Butch Cassidy and the Sundance Kid

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Showings

The Art Theater Mon, Dec 10 7:30 PM
Film Info
Event Type:Essential Cinema
Release Year:1969
Rating:PG
Genre:Drama
Production Country:U.S.
Original Langauge:English
Cast/Crew Info
Director:George Roy Hill
Cast:Paul Newman, Robert Redford, Katharine Ross
Screenwriter:William Goldman
Music By:Burt Bacharach

Description

A one-time William Goldman (1931-2018) Special Tribute Screening.

 

Paul Newman and Robert Redford set the standard for the “buddy film” with this box office smash set in the Old West. The Sundance Kid (Redford) is the frontier’s fastest gun. His sidekick, Butch Cassidy (Newman), is always dreaming up new ways to get rich fast. If only they could blow open a baggage car without also blowing up the money-filled safe inside… Or remember that Sundance can’t swim before they escape a posse by leaping off a cliff into rushing rapids… Times are changing in the west and life is getting tougher. So Butch and Sundance pack their guns, don new duds, and, with Sundance’s girlfriend (Katharine Ross), head down to Bolivia. Never mind that they don’t speak Spanish – they’ll manage somehow. A winner of four Academy Awards (including best screenplay and best song), here is a thoroughly enjoyable blend of fact and fancy done with true affection for a bygone era and featuring the two flashiest, friendliest funniest outlaws who ever called out “hands up!”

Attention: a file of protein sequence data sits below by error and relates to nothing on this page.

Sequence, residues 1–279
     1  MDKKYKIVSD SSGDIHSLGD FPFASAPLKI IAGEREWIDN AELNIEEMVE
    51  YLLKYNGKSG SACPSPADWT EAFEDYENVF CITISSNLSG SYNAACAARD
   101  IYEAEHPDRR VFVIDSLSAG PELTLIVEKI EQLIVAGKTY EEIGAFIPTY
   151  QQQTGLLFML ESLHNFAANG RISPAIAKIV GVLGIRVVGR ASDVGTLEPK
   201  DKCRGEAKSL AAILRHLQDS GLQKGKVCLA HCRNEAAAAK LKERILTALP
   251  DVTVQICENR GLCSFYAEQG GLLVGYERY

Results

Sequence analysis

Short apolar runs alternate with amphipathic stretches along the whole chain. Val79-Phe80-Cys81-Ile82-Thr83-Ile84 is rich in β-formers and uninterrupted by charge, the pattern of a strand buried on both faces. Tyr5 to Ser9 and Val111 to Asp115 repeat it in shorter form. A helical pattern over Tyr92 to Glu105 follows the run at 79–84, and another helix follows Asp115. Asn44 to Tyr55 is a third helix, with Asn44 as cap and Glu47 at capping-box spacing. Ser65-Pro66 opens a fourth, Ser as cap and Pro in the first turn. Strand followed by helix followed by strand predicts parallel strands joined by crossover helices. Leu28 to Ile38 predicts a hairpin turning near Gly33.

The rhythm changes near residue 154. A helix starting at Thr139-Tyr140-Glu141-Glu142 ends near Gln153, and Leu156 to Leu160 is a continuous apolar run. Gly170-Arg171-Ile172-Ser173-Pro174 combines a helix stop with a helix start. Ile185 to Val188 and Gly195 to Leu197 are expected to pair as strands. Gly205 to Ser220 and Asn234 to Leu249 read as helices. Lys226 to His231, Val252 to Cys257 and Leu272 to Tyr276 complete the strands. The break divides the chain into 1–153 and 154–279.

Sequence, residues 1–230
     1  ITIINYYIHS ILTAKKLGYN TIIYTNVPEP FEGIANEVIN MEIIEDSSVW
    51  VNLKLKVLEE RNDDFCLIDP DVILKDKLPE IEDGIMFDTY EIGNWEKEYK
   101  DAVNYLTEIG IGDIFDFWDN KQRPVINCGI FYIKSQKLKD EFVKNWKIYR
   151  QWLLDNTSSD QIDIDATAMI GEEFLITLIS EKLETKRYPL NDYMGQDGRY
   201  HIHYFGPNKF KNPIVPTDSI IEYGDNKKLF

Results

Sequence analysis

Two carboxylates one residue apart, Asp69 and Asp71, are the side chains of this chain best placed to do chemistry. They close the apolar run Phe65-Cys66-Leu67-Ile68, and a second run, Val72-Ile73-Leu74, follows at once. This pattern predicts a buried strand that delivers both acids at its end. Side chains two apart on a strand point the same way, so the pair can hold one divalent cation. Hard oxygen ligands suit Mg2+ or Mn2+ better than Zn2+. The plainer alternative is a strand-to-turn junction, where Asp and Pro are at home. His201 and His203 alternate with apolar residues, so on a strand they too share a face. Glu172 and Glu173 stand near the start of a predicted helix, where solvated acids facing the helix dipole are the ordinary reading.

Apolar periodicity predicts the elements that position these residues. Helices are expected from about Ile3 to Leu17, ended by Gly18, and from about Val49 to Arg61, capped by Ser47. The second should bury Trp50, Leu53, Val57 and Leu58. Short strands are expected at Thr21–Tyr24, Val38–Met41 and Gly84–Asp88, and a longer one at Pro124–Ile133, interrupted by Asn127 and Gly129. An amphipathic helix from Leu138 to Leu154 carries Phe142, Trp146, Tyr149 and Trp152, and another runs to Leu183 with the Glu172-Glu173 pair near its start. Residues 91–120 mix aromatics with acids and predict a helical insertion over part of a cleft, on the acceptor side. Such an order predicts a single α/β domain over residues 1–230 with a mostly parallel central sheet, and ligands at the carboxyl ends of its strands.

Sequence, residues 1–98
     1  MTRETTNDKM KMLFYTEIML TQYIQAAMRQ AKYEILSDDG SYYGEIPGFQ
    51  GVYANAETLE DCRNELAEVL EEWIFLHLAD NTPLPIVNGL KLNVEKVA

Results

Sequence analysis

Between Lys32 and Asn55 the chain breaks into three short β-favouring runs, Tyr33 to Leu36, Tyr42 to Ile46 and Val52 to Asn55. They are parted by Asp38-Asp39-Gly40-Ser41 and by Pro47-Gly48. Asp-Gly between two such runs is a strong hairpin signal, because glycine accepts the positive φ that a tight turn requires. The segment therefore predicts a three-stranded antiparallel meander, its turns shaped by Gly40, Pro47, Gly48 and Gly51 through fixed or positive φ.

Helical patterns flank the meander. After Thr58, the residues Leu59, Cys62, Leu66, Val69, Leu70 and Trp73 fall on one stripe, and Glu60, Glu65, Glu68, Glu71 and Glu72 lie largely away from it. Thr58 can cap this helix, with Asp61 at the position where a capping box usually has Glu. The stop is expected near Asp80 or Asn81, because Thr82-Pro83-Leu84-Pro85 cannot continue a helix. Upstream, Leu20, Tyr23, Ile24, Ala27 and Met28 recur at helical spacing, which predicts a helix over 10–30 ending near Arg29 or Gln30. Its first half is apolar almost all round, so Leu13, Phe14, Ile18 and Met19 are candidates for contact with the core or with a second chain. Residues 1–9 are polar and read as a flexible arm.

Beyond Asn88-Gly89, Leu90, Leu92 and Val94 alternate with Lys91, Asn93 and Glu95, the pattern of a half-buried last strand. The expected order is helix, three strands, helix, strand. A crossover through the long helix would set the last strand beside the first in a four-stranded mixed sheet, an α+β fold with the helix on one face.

“Note-perfect performances, a screenplay steeped in both nostalgia and a timely sense of insight, and anti-heroes you can’t help but love: it’s no surprise that the always re-watchable Butch And Sundance was once labelled the most likeable film ever made.” — Bob McCabe, Empire Magazine

“Although Butch Cassidy wasn’t the first movie to pair up a couple of wisecracking best friends in an action/adventure setting, this film became the model of how well that approach could work when done right.” — James Berardinelli, ReelViews

“Iconic, American experience, a classic adventure tale, and a singular slice of late-’60s moviemaking that has never really been repeated.” — Christopher Null, Filmcritic.com